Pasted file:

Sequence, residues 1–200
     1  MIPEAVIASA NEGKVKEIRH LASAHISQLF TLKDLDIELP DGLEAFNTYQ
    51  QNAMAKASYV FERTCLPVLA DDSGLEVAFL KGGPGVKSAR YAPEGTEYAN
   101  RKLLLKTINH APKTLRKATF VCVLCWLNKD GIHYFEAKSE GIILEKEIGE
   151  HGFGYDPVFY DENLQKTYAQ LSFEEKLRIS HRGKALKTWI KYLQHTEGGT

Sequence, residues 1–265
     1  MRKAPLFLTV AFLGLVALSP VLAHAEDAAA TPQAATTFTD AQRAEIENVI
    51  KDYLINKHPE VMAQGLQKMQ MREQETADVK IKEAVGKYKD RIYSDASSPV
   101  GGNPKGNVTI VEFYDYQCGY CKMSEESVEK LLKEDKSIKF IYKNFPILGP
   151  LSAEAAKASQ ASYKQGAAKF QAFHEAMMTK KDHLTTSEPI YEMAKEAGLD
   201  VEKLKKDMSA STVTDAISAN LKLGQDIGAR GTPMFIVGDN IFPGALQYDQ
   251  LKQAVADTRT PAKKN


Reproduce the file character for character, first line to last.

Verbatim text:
Sequence, residues 1–200
     1  MIPEAVIASA NEGKVKEIRH LASAHISQLF TLKDLDIELP DGLEAFNTYQ
    51  QNAMAKASYV FERTCLPVLA DDSGLEVAFL KGGPGVKSAR YAPEGTEYAN
   101  RKLLLKTINH APKTLRKATF VCVLCWLNKD GIHYFEAKSE GIILEKEIGE
   151  HGFGYDPVFY DENLQKTYAQ LSFEEKLRIS HRGKALKTWI KYLQHTEGGT

Sequence, residues 1–265
     1  MRKAPLFLTV AFLGLVALSP VLAHAEDAAA TPQAATTFTD AQRAEIENVI
    51  KDYLINKHPE VMAQGLQKMQ MREQETADVK IKEAVGKYKD RIYSDASSPV
   101  GGNPKGNVTI VEFYDYQCGY CKMSEESVEK LLKEDKSIKF IYKNFPILGP
   151  LSAEAAKASQ ASYKQGAAKF QAFHEAMMTK KDHLTTSEPI YEMAKEAGLD
   201  VEKLKKDMSA STVTDAISAN LKLGQDIGAR GTPMFIVGDN IFPGALQYDQ
   251  LKQAVADTRT PAKKN